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Invitation from United Front (Joburg region) to organise against xenophobia
Issued 9 February 2017

We are writing to you because we are concerned that xenophobia is rearing its ugly head again in South Africa. In our recent meetings we have been getting reports from various community organisations and civics which suggest this. There does not seem to be any threat of violence yet, but we all know how quickly these things can escalate. We are worried that public figures such as the Mayor of Johannesburg Herman Mashaba have made some xenophobic statements against “illegal foreigners” who hijack buildings in the city. Most seriously, an organisation in Mamelodi is trying to organise a march against “foreigners” in the community – blaming them for the structural unemployment crisis, suggesting that South Africa shouldn’t give refuge to refugees, accusing migrants of drugging women and selling them as sex slaves. What is most worrying is that this organisation has been contacting other areas such Alexandra in an attempt to spread their xenophobic ideas.


Xenophobia is bad for everyone. It divides the working class and the poor. It sows fear and hatred in communities. It can lead to attacks and the death and injury of innocent people. Xenophobic ideas are based on stereotypes and the denigration of foreign nationals. The foundations of xenophobia are racism, tribalism and colonialism. Xenophobia is based on a false analysis and wrong understanding of the problems facing the working class and the poor. The victims of poverty, unemployment and inequality, of oppression and exploitation, end up blaming and attacking each other while the true oppressors and exploiters are left alone to continue with their oppression and exploitation. The struggle for a better life for all is undermined. The struggle against the capitalist exploiter is weakened by xenophobia.

The rise of xenophobia is not happening only in South Africa. The new president Donald Trump has made a law which bans people from “Muslim” countries from travelling into the USA. He won the elections using the slogan “Put America First.” What he really means is that white American men come first and everyone else comes second or third. His slogan is racist, nationalistic, chauvinistic, sexist and exclusivist. We see the same politics by some opportunistic leaders in Europe where there is a rise of right-wing ideas including support for fascism. The situation in Great Britain its exit from the European Union (Brexit) suggests that the capitalist crisis provoked xenophobic sentiments among sections of this society. Many ordinary people in the world are responding to the global economic capitalist crisis by turning to a narrow, inward-looking politics of self-preservation.

Capitalism is a system of exploitation. It is based on stealing the wealth produced by workers. When the bosses cannot make profits they try and make workers pay. They put you on short-time, retrench, close down factories, increase prices, avoid paying taxes, etc. The solution to this is not to fight over the less and less that the capitalists give us. This is what xenophobia does. The solution is to unite and fight against the capitalist class and their system of exploitation. We have to see that the worker next door and from the other country is our brother and sister in the class struggle. The only lasting solution is to overthrow the capitalist system and replace it with a system where the wealth will be shared equally by all.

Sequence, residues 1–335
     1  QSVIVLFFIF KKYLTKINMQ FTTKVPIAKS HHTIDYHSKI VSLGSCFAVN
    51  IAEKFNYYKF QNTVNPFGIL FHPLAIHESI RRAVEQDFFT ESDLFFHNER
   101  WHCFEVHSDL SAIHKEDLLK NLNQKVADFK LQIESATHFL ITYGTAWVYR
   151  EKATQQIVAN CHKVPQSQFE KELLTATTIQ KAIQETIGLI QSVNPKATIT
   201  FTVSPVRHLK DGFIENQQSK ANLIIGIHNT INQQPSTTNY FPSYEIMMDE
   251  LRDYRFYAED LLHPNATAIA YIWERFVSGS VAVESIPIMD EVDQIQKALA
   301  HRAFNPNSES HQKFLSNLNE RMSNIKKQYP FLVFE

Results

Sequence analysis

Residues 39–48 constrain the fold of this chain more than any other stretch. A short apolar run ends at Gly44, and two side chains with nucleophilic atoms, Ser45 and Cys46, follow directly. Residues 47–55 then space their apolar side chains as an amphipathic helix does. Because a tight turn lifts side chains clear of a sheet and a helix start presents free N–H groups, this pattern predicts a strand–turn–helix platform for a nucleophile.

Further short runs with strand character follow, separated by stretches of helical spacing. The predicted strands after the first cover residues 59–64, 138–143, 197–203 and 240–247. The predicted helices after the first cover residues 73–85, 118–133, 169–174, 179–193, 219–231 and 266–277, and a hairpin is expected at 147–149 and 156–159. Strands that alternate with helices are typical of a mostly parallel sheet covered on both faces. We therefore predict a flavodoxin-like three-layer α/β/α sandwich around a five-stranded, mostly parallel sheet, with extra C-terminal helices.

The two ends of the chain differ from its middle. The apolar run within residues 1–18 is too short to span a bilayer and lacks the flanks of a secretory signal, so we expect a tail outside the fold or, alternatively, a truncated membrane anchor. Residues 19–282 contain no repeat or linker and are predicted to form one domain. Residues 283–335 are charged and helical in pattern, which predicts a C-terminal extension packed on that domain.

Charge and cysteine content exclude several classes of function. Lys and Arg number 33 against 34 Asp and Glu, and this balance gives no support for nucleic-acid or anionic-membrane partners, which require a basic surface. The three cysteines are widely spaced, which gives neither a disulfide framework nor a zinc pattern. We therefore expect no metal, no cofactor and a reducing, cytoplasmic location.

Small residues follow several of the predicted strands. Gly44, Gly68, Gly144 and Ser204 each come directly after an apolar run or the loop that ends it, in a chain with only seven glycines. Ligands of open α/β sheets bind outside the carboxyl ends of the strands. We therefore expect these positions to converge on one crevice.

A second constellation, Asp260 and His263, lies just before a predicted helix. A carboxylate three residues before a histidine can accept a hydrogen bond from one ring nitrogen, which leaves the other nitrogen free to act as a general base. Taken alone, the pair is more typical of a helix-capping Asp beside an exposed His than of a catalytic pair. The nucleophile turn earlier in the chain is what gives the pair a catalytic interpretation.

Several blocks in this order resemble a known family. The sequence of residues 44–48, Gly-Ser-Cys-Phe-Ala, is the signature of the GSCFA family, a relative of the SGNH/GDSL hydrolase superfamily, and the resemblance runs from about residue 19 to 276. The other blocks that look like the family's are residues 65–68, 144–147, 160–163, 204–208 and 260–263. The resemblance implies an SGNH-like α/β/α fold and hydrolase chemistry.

We therefore call upon all community and trade union leaders, all community organisations and unions, all civics and youth/student formations to be on guard against these reactionary elements who are spreading xenophobia. Silence is consent. We must take active steps to fight and eradicate this cancer.

Some steps that we can all take to fight the xenophobia cancer are the following:

  1. Put xenophobia on our meeting agendas. In our civics, community structures and unions. Discuss and analyse the issue. Take a resolution against xenophobia.
  2. Discuss the history of colonialism and how Africans and other peoples of the world were divided by the colonisers. Discuss ideas of struggle that were used to unite the colonised such as nationalism, Pan-Africanism, South-South solidarity and socialism. Debate whether and how we can use them to fight against xenophobia today.
  3. Make contact with migrant organisations that exist in our communities. Find ways of working together on campaigns that affect us all e.g. the struggle for houses for all.
  4. Speak out against xenophobia in any public/mass meetings we attend.
  5. Speak out against xenophobia in any private discussions we have.
  6. Speak to the police in our areas and express your concern. Get the details of a high-ranking officer that we can call if violence or looting breaks out in the area.
  7. Defend foreign migrants and nationals that are under attack. An injury to one is an injury to all.

You and your organisation are invited to send three delegates to attend a public meeting of the United Front of Johannesburg which will discuss xenophobia in detail including its causes, forms and how to eradicate it. Other matters relating to the struggles of workers, communities and students will also be discussed.

DATE: Sunday, 19 February 2017
TIME: 10 a.m. until 1 p.m.
VENUE: 5th floor, J C Bez Numsa House, 32-34 Eloff Street, Johannesburg CBD.